GARY ADSHEAD: Have you spoken to the Premier, because he seems to giving some signals that they’re backing away from this one before the election, the second part of the project, the Perth Freight Link itself if you like. They’re starting to back away from that because of the controversy and the difficulties around that. Have you spoken to the Premier?

MATHIAS CORMANN: I’ve had many conversations with the Premier. I’ve had conversations with the Treasurer Mike Nahan. I’ve had conversations with the Transport Minister Dean Nalder. I’m very confident that the State Government here in Western Australia is committed to the whole project. I also understand that the first priority is to lock away the Roe Eight Highway extension, that there will be a second phase and that there is some more work to be done in relation to that second phase. That is appropriate. We are quite relaxed about that. But we also understand that it is very important for the whole project to be finalised. The Federal Government has put just under $1 billion into that project.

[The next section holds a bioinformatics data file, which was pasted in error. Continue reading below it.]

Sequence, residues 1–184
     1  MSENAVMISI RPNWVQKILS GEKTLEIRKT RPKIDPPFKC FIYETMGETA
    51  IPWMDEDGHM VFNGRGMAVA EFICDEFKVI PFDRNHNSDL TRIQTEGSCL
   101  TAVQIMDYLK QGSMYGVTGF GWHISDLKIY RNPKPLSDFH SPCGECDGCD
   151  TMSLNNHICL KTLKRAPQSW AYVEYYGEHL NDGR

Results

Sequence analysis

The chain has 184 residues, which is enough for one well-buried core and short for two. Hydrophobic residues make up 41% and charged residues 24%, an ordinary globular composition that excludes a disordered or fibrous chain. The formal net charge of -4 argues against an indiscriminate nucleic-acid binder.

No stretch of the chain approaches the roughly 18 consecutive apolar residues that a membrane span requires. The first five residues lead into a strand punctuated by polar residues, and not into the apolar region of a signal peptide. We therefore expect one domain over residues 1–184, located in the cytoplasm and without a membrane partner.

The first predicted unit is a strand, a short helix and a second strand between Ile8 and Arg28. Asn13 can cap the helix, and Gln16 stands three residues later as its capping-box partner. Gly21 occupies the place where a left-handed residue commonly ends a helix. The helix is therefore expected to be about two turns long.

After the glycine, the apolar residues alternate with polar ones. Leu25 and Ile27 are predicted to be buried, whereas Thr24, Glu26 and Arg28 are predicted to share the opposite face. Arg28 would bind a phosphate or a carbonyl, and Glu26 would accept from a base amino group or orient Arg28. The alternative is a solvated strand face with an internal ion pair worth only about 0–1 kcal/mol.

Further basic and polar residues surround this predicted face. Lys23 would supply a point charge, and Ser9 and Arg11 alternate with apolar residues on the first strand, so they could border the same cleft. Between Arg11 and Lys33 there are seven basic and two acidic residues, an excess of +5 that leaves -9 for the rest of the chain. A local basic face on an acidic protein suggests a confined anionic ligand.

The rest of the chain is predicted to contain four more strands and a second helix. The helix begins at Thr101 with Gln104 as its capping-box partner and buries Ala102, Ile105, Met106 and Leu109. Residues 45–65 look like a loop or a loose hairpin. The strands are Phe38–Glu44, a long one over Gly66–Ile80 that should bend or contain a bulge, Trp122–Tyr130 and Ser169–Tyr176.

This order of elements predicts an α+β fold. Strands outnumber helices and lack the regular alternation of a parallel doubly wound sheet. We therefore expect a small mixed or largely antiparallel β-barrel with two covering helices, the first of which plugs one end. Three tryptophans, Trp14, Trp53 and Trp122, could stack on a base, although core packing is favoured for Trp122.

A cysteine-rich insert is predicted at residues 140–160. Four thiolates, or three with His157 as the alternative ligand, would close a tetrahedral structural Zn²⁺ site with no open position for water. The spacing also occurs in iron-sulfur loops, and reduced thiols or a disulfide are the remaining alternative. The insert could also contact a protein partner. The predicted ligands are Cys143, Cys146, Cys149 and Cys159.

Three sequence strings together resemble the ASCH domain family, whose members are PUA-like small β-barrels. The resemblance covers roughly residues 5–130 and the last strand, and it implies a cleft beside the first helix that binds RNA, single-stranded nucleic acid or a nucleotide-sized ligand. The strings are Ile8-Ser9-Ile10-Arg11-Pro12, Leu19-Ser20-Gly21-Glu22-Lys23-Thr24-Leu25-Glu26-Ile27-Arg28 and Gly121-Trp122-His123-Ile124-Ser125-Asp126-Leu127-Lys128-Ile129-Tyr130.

GARY ADSHEAD: Anne’s on the line, she wants to ask you a question about roads. G’day Anne.

ANNE (Caller): Oh hi. Look I want to know what is the Liberals’ obsession with building more roads and keeping trucks on roads. Why can’t we shift goods on trains? I mean, are the Liberal party in cahoots with the trucking industry or what is it?